Fact checking on steroids

With that in mind, the EU started a new project called Pheme, after a Greek goddess. The Pheme project brings together IT experts and universities to devise technologies that could help journalists find and verify online claims. It’s very difficult for artificial intelligence to detect satire, irony, and propaganda, but Pheme has reportedly been making significant advancements in this area.

Unverified content is dominant and prolific in social media messages, Pheme scientists say. While big data typically presents challenges in its information volume, variety and velocity, social media presents a fourth: establishing veracity. The Pheme project aims to analyze content in real time and determine how accurate the claims made in it are.

Fact checking is an often overlooked aspect of modern journalism. It takes a lot of time, it doesn’t add anything “spicy” to media content, and you rarely hear about the people doing it. Therefore, many media are employing something else: making stuff up. Half-truths and misinformation (or as the White House prefers to call them these days, alternative facts) have been running rampant on Facebook and Twitter, with millions of users spreading them without bothering to check if they’re real or not. Yes, users also carry a part of the blame here.

Well, researchers want to find an algorithmic solution to this human problem. They hope to do this by analyzing the language use and spread of information through the network, as well as the overall context of the information itself. Basically, they want to build a real-time lie detector for social media, flagging hoaxes and myths before they manage to become viral — much like an antibiotic taken as the symptoms start to set in. Ideally, we’d have a vaccine for this — but the vaccine, in this case, is education and convincing people to fact check things before they believe, which is either not happening, or will take a very long time. A faster solution is needed, and Pheme can just be a part of that solution.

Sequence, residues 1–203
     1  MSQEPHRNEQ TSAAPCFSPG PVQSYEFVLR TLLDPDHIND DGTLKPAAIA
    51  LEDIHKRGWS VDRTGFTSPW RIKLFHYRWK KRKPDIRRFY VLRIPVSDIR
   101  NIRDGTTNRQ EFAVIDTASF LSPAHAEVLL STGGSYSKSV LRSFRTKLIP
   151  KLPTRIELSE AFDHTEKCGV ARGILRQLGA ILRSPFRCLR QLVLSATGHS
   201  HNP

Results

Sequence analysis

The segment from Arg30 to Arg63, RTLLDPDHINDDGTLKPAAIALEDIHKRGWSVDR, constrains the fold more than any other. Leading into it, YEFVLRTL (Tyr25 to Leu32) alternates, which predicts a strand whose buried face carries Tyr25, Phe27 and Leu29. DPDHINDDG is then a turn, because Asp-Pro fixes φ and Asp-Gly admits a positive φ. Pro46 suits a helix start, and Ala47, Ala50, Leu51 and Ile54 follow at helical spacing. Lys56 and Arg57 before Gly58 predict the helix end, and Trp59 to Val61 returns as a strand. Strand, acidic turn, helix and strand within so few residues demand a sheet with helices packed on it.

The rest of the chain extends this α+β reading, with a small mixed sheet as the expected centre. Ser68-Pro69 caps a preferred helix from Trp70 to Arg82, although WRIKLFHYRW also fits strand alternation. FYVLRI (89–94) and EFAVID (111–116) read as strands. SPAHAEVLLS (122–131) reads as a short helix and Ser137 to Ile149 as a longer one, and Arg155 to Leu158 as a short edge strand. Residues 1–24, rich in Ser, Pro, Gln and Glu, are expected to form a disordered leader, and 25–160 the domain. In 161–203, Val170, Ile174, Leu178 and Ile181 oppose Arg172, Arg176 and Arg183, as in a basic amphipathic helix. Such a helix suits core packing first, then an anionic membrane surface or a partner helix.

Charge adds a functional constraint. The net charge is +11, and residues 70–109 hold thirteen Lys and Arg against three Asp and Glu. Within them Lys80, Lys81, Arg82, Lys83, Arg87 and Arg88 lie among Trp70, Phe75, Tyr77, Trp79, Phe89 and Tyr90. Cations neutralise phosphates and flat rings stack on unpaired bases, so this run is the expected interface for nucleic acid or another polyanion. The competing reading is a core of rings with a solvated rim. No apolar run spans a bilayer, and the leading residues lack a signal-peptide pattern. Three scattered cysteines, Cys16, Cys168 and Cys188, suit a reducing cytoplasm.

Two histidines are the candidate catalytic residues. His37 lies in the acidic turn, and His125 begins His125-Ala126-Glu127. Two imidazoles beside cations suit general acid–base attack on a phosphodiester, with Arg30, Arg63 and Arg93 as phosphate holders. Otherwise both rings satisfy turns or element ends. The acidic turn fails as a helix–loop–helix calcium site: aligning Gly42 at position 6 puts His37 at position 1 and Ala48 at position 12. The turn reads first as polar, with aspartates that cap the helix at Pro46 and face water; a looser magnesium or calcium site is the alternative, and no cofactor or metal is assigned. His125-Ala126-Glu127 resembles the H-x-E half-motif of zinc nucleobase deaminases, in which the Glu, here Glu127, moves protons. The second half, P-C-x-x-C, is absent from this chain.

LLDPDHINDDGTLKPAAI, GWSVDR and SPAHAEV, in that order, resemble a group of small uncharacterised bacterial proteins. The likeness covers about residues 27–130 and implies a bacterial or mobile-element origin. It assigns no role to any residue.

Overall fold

The project is named after Pheme, the Greek goddess of fame. Image credits: Luis García.

They focus on two scenarios: lies about diseases and healthcare, which can be especially dangerous, and information used and published by journalists. Pheme addresses speculation, controversy, misinformation, and disinformation, in what can only be described as a broad, ambitious attempt. If this works out, as cliche as it sounds, it has the potential to revolutionize how we receive information and change the world forever.

Pheme will not only focus on analyzing news and stories, but it will also try to identify… memes. They coined the term phemes to designate memes which are enhanced with truthfulness information. Helping the spread of such phemes could not only make your coworkers laugh, but also help propagate truthfulness instead of misinformation.

The cool thing about this is that they will be releasing all this as an open source algorithm, to be used by journalists worldwide. The project will also reportedly develop a free-to-use platform where anybody can filter and verify media claims with an interactive and intuitive dashboard.

Of course, Pheme is not the only project of this type. Facebook and Google are working on their fake news detectors, as are several other tech giants and research institutes. The acuteness of the problem of fake is impossible to ignore, and its impact on the world should not underestimate it. The stakes have never been higher.

‘Psychological vaccination’ counters effects of fake news. Critical thinking is still a thing

Taking hints from vaccines, a group of researchers has devised an immunization method against ‘fake news’. In a typical vaccine, a piece of the virus that causes the illness is inoculated in a dormant form to build the body’s resistance. Likewise, inoculating people against so-called ‘alternative news’ by exposing them to a small dose of misinformation can stop myths or plain lies from propagating, provided misinformation tactics are presented.

The hoax pandemic

The study carried out by researchers from the University of Cambridge in the UK, Yale and George Mason State, US, couldn’t come at a better time. It follows hot on the footsteps of one of the most divisive presidential campaigns in U.S. history, partly fueled by disinformation at the hand of fake news outlets which purposely propagate hoaxes and lies.